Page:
The poppy field series describes the attempts by people to pursue freedom and a happy life in the present life. But it’s an illusory condition. It is a kind of happiness over terrorism, anxiety, and loneness. It can also be interpreted as a reappearance of the spirit of those who have already died in the poppy field. – Zhang Huan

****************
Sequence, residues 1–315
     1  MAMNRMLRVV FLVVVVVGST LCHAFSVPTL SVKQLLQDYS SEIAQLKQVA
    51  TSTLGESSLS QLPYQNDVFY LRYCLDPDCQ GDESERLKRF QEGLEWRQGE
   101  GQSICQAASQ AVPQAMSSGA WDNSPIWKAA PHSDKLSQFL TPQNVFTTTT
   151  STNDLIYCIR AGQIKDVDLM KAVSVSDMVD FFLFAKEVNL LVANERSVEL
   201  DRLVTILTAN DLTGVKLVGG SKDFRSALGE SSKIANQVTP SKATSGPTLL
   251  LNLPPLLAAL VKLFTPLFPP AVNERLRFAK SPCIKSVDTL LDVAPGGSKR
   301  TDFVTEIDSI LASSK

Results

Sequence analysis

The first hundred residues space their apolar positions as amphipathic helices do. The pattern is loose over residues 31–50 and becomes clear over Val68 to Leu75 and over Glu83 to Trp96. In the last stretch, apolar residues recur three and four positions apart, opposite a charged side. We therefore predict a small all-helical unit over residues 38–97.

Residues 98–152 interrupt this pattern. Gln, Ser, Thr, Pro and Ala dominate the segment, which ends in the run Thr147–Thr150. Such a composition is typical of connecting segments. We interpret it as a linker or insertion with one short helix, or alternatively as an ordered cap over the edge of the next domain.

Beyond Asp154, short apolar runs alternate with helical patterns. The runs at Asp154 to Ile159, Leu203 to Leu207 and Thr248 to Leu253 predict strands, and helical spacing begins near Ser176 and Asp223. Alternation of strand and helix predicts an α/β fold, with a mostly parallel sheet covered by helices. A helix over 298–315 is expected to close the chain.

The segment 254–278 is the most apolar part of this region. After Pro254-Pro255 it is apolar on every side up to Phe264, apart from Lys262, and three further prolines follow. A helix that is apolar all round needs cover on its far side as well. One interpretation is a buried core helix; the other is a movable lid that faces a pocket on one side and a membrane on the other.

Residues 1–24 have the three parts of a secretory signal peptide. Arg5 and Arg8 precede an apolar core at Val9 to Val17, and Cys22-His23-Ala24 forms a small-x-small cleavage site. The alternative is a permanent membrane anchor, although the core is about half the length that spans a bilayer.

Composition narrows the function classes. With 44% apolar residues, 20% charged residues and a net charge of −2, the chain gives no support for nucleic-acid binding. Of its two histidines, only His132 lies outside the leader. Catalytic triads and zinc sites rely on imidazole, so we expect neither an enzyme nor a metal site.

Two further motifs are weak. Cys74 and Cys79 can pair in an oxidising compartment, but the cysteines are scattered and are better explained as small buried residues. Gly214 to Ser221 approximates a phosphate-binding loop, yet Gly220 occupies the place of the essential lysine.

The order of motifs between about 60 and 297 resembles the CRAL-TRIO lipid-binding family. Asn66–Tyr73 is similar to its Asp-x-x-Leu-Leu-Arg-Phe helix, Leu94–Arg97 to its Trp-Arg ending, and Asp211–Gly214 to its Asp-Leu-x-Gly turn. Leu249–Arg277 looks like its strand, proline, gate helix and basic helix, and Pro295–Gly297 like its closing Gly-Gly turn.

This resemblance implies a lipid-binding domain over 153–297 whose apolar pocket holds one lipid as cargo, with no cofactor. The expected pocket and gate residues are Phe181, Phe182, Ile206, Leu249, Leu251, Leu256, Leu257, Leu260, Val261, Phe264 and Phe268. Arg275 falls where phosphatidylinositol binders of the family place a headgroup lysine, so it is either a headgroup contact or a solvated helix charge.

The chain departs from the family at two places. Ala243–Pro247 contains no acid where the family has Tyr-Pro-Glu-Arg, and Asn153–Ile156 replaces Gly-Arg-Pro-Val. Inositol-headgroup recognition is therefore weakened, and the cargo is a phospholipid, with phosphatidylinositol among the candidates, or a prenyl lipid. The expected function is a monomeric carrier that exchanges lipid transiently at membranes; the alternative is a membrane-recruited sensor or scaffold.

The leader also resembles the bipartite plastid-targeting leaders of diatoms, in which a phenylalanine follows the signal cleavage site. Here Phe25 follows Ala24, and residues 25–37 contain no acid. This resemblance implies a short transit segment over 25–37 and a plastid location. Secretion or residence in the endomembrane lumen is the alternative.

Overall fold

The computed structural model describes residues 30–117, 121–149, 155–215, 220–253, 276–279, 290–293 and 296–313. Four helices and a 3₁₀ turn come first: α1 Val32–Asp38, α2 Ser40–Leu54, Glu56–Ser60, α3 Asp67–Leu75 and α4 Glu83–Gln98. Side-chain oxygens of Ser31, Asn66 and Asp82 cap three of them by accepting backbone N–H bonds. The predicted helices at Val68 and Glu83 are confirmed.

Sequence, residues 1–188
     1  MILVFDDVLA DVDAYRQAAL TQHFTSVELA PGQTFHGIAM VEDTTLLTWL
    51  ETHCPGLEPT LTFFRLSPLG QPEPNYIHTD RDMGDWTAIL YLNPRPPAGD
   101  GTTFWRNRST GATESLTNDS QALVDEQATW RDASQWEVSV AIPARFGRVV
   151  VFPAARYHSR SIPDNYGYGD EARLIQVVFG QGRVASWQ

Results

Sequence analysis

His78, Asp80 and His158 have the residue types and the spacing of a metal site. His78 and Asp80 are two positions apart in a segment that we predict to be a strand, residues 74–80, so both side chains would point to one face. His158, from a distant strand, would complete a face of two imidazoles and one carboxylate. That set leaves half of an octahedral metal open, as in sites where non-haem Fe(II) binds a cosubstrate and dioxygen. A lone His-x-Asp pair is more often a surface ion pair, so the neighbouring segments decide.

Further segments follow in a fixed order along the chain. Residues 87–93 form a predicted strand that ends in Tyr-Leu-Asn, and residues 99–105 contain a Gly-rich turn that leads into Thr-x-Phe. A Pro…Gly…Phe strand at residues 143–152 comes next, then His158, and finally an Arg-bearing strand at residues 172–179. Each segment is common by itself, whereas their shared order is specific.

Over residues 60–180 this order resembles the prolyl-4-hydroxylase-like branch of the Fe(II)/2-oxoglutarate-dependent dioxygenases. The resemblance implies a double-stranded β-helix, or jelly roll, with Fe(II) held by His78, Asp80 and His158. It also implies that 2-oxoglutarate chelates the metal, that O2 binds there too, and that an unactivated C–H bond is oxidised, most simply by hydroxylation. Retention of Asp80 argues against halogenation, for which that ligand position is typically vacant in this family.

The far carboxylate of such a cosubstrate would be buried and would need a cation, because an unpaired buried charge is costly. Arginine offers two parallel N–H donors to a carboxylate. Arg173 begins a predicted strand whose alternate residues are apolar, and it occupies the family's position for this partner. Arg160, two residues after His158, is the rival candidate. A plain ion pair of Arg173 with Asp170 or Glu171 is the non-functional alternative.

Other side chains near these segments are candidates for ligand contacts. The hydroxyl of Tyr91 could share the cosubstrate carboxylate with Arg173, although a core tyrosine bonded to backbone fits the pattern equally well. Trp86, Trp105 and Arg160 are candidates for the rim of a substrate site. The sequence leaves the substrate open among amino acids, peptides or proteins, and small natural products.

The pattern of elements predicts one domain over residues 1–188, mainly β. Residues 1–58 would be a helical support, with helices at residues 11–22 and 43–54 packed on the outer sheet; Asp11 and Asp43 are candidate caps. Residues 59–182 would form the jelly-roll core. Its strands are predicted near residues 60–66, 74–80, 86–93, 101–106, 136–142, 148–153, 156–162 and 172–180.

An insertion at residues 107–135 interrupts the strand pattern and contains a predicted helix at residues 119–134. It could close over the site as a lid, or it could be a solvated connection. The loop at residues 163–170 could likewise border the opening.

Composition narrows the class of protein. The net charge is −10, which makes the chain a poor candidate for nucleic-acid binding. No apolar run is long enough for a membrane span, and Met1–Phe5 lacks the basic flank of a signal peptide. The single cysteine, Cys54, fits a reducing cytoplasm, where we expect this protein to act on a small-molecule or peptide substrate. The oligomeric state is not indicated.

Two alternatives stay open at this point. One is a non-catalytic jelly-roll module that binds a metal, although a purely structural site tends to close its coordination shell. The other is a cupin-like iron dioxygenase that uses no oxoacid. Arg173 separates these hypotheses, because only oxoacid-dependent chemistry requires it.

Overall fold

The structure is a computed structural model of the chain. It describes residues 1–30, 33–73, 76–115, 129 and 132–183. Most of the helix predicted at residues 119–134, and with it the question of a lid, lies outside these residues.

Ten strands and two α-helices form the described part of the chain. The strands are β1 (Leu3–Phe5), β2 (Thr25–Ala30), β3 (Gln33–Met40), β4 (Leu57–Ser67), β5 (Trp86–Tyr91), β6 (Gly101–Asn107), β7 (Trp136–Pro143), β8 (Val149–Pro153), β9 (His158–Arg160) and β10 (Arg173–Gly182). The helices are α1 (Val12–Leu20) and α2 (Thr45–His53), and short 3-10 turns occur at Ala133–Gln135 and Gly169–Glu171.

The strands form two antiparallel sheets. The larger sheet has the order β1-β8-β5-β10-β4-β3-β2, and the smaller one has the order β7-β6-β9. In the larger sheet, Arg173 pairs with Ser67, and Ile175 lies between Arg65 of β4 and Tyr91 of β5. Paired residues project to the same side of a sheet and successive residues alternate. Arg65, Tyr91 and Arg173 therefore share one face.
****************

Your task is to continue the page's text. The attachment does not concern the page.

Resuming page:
Rising to fame in the 1990s for his influential performances where he covered his body in calligraphy, honey, or slabs of meat, or suspended himself by hooks, Chinese artist Zhang Huan has been creating work that tests the boundaries of his own physical form while challenging societal norms for three decades. Zhang began working with more traditional media after opening his studio in Shanghai in 2005, moving away from New York where he had lived and worked for eight years. While he now creates sculptures, installations, and paintings, the work still contains themes of existentialism and globalism but incorporates elements of Tibetan Buddhism (Zhang was ordained a Buddhist monk in 2005). In this series of brightly colored paintings, what appears to be a field of flowers from afar transforms into thickly painted skulls that grin at the viewer. The skulls are modeled after Tibetan masks and serve as a reminder of the need to destroy the ego and the necessary cycle of life, death, and rebirth. “The paintings represent the hallucination of happiness and the hallucination of fear and loneliness in this life as well as the hallucination of happiness in the next life,” said the artist. “If there’s no color in your hallucination, it won’t be heaven. It would be hell.” Zhang has performed at many international venues, including the Whitney Museum of American Art as part of the 2002 Biennial, and his work in is numerous public and private collections.